The way you load your forklift is important. If the weight isn’t equally distributed across the forks, it could topple, or the load could fall off when you turn the vehicle. Keep the forks in a low position while loading and transporting. Don’t transport loads with the forks lifted in a high position as this increases the chances of toppling over. Use the proper securing tools for the load, like ropes and bindings. Also, make sure the palette you stock the load on isn’t damaged. If your load is tall and obstructs your view moving forward, drive the forklift in reverse with a bystander’s help.
7. Always Turn Off When You Exit The Vehicle
You may have to hop off the forklift for short moments to adjust the load or clear your path. Even though you’ll be returning to the driver’s seat right away, don’t leave the forklift running. This is an important safety tip that protects you and your fellow workers. It’s even more critical if you’re leaving the vehicle for longer periods of time. Turn the ignition off and take the keys with you. It can help to keep keys on a sturdy keyring so you don’t misplace them.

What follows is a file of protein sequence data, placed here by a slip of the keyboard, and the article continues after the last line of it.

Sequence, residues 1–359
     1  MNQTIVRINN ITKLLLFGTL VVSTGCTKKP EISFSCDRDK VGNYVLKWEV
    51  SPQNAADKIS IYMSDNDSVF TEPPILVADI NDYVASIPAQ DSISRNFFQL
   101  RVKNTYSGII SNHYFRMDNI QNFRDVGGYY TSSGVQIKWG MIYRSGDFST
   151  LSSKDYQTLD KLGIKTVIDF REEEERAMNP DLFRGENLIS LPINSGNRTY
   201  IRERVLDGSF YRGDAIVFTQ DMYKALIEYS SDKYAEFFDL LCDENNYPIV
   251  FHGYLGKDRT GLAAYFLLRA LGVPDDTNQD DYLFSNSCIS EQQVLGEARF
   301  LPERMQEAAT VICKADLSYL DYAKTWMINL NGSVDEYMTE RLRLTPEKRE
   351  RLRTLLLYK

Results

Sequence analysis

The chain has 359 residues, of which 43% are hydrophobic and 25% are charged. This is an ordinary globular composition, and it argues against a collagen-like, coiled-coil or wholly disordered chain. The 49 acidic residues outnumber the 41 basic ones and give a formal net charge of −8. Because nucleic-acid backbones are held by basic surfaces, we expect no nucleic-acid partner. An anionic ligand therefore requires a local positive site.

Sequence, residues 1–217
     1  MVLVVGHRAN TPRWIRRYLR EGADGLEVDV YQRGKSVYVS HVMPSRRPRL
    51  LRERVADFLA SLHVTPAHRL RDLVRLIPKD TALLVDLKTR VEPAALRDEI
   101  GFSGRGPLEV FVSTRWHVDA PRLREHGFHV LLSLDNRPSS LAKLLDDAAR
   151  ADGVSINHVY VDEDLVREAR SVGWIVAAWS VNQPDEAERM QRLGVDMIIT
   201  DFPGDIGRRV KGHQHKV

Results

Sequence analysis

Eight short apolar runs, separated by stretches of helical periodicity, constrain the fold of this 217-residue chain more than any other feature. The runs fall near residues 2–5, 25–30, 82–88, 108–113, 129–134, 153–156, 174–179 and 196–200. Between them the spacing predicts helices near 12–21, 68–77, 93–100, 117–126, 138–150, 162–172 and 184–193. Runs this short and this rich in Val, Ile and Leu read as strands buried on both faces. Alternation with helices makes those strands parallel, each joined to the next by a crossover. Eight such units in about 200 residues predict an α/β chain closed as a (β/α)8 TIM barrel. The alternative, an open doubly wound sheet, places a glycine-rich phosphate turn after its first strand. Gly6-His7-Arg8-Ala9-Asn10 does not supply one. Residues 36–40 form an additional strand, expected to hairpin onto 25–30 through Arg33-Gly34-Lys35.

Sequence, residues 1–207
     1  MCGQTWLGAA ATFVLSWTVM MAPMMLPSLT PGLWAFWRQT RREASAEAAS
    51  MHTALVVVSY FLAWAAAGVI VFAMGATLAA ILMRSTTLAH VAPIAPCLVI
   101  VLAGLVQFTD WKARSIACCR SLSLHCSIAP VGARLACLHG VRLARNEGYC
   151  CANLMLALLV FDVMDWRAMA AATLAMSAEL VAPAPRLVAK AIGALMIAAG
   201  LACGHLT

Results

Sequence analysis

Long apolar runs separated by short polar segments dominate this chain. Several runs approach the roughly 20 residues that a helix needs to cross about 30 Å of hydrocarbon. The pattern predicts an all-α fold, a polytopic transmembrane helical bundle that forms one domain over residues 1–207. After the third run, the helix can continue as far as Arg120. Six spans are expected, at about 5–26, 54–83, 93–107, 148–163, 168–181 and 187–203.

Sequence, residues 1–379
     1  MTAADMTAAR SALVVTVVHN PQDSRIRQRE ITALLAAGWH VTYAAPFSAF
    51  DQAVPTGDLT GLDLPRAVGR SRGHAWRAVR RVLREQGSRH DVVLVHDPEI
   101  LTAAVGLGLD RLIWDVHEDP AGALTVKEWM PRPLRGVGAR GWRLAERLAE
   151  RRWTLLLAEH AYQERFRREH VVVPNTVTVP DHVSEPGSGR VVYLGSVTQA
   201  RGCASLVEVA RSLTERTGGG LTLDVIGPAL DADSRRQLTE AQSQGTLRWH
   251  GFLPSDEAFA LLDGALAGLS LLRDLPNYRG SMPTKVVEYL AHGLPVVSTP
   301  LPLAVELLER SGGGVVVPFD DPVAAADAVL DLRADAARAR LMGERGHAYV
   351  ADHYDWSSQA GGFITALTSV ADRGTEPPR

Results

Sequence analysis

8. Say No to Unauthorized Drivers
Workers who aren’t certified to drive the forklift may occasionally ask to give it a try. While it’s admirable that they want to learn a new skill, practicing in an active workplace is not appropriate. They need to enroll in forklift operating training and get certified. If an unauthorized person asks to drive the forklift, say no. If you catch an employee driving the forklift when they aren’t certified, enforce consequences. An accident that results from a non-certified driver operating the forklift could mean lawsuits and expensive damage for the company.
9. Beware of the Mast